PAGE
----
Despite these major differences between the two markets, there were quite a few other bright spots in bilateral economic relations during the second quarter:
- Bilateral economic interactions continued to grow. In 2006, the total volume reached $33.4 billion, up 15 percent from 2005. Meanwhile, China became the fourth largest trading partner of Russia, while Russia became the eighth largest trading partner of China.
- Russia’s export of electromechanical products to China between January and April 2007 showed a 53.2 percent hike to $106 million, which was a rebound for the first time in recent years, even if this made up only 1.7 percent of the total value of Russian exports to China.
- The first unit at the Russia-built Tianwan nuclear power plant was commissioned for commercial operation (May 17). The second unit started a test run (May 1) and will be commissioned at year-end. A working group was set up to study the feasibility of installing two more Russian power units on the same site in Tianwan.
A foothold in the most rapidly growing nuclear market is comforting for Russia’s nuclear power industry. In the next 15 years, China plans to launch two or three 1,000 mw power units every year to meet its goal of raising nuclear power capacity from 1.6 percent of the total power capacity to 4 percent by 2020. Still, this remains far behind the current world-wide average of 16 percent of total power consumption, let alone the U.S. share of 20 percent and France’s 80 percent.
There is, however, no lasting guarantee that Russia will keep its current lead in the nuclear power sector. Not only does it have to compete with other foreign firms equipped with better technology, but Russia may face increasingly capable Chinese nuclear companies in the not-too-distant future. In May, China launched the State Nuclear Power Technology Co. (SNPTC) in Beijing, which is co-funded by the State Council and four large state-owned enterprises, including the China National Nuclear Corporation (CNNC). The new company focuses on the transfer of third generation nuclear power technologies from other countries (both Russian units are based on second-generation technology). On Feb. 28, CNNC signed a contract to buy four third-generation pressurized water reactors from U.S.-based Westinghouse Electric Co. which includes far more technology transfers than Russian Atomstroyexport was willing to make.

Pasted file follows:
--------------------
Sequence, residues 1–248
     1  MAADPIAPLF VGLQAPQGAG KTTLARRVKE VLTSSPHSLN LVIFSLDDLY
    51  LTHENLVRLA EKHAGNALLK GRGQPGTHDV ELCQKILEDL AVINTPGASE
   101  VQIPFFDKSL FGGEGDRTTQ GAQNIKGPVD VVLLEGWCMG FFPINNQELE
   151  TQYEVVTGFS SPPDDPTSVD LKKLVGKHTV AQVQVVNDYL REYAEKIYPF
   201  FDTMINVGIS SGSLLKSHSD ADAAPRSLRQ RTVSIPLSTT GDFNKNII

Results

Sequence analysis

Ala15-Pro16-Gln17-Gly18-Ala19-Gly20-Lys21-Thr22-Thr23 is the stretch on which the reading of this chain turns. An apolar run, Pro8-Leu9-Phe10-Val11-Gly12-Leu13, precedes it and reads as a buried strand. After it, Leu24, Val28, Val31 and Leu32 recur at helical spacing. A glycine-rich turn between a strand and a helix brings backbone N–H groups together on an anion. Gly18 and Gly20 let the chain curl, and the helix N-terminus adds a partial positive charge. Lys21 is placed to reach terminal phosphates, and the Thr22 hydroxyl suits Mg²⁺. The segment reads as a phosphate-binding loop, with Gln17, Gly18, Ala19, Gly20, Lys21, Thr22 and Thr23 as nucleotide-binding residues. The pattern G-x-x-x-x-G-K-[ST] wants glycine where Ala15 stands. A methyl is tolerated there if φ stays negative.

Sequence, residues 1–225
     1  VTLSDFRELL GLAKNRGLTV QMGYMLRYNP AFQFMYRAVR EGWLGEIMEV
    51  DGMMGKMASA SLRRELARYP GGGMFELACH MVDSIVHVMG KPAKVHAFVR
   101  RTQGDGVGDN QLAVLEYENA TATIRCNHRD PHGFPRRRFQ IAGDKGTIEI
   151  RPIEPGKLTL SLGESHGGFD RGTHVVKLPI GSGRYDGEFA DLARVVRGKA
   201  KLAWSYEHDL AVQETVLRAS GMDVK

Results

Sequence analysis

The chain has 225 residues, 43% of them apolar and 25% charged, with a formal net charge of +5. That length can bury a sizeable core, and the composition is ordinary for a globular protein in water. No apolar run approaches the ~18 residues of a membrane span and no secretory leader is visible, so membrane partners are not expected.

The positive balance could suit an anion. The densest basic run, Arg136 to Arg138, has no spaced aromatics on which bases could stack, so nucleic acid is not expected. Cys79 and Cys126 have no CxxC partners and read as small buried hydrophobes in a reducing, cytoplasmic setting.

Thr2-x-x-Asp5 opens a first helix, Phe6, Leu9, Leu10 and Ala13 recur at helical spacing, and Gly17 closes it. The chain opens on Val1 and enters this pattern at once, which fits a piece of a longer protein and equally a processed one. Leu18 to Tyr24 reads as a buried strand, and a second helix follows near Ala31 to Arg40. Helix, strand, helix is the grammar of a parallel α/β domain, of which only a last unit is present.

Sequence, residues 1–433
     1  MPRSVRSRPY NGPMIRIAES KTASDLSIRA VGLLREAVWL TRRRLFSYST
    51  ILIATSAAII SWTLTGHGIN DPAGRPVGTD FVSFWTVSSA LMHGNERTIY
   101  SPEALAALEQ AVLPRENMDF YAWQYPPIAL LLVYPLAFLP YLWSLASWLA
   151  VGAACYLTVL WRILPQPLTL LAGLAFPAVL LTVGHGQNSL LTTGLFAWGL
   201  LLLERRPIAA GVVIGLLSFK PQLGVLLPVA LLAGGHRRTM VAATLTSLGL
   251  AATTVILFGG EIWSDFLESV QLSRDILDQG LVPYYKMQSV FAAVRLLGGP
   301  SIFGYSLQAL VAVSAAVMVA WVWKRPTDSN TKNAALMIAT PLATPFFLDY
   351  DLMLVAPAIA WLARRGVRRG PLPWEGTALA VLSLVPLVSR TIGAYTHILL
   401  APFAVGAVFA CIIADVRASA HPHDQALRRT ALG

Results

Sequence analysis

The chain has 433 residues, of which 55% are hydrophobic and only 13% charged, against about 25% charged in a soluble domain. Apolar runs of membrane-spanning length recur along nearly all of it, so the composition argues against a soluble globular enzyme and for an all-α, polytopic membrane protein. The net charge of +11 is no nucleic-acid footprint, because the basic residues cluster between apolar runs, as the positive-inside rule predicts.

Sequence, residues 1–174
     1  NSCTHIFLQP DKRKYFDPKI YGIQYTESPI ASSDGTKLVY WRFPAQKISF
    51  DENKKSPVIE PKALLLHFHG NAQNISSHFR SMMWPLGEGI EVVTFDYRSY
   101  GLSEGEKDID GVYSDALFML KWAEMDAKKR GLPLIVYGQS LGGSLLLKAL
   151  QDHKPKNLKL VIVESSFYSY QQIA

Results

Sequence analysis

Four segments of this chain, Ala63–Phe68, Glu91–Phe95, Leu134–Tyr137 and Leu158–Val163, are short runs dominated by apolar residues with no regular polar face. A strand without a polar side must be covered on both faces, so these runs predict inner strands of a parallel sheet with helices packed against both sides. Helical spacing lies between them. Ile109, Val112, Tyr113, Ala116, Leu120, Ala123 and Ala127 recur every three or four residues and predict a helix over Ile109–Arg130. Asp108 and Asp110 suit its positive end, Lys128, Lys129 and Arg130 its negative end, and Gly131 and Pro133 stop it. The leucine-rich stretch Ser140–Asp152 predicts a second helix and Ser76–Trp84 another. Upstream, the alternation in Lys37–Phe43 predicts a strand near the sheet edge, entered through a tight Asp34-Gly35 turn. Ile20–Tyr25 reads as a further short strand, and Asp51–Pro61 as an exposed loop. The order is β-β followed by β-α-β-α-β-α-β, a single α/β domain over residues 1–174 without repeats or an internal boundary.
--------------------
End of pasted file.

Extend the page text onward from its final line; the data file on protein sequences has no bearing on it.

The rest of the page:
While China’s competitiveness in the nuclear power sector is a matter of the future, several worrisome signs plagued bilateral economic relations. One of them is a considerable slowdown of the growth in bilateral trade in 2006. The 15 percent increase in the 2006 trade volume, for example, was only half of the 2005 growth rate (30 percent) over 2004. Although the first quarter of 2007 witnessed faster trade growth (28.5 percent), it is unclear if this rate will be maintained.
Trade structure continues to worsen for Russia: even if the portion of manufactured goods in Russian exports to China stopped declining in early 2007, Chinese exports to Russia are increasingly diverse with a growing range and proportion of manufactured products. In 2006, machines and equipment made up 29 percent of China’s exports compared with 11 percent in 2001. Meanwhile, oil and petroleum products made up 47.3 percent of Russian exports to China. Even so, Russia accounted for only 11.34 percent of China’s overall oil and petroleum product imports and was in fourth place after Saudi Arabia, Iran, and Angola.
One major lag in Russia’s exports to China was the significant shrinkage of Russia’s arms sales to China. In 2006, only $200 million worth of contracts were signed; the normal level is $1 to $1.5 billion per year. Despite such a decline, the Russian side has not been able to fulfill some of the largest contracts signed with China, particularly the $1.4 billion contract for 38 Ilyushin military cargo planes (including 34 IL-76MD and 4 IL-78 refueling aircraft).
A turning point in bilateral trade may also be reached by the end of the year; for the first time since 1999, trade will be more or less even, ending the trade surplus Russia has had with China since 1999. China may have a surplus, which would have a psychological impact that few in Russia would like to entertain.
Pipeline delayed, gas denied?
One factor in the shrinking Russia’s trade surplus is the sluggishness in its oil exports to China. In the Sino-Russian transportation subcommittee’s Moscow meeting in May, Chinese Railroad Minister Liu Zhijun informed his Russian counterpart that China was ready to import up to 45 million tons of oil from Russia by railroad. President of Russian Railways Vladimir Yakunin indicated that Russia was ready to deliver only 15 million tons of oil per year.
The long-waited oil pipeline from Russia’s Siberia to China may be a matter of time as Russian company Transneft has built about 1,000-km of pipeline for the 4,130-km Taishet-Perevoznaya Bay (Nakhodka) project. Meanwhile, a 70-km branch line from Skovorodino to the Chinese border is being constructed with $436 million financed by China. Thirteen years after former Russian President Yeltsin first proposed it, the Siberia-Daqing pipeline may eventually pump more Russian oil to China. Other high-profile energy contracts with China, however, were either being questioned or delayed. In late June, Alexander Ananenkov, deputy CEO for Russia’s gas monopoly Gazprom, hinted that the timeframe for the Altai gas pipeline project – signed during President Putin’s March 2006 visit to China – may be delayed a year if talks with China are not completed in 2007.
A week before his Altai statement, Ananenkov took aim at another China-bound gas export contract. This time, Gazprom wanted to block the 2004 preliminary agreement by ExxonMobil to supply China with 80 billion cubic meters of Sakhalin-1 gas. The same amount of gas should be diverted for Russian domestic needs, according to Ananenkov at a meeting of the government commission for the socio-economic development of the Far East and Trans-Baikal region. While Exxon has 30 percent of Sakhalin-1 shares, which is 10 percent larger than Russia’s Rosneft, Ananenkov now calls for a governmental “directive” to be issued so that Sakhalin-1 gas can be sold to Gazprom in order to avoid a projected gas shortage in Russia’s Far East regions.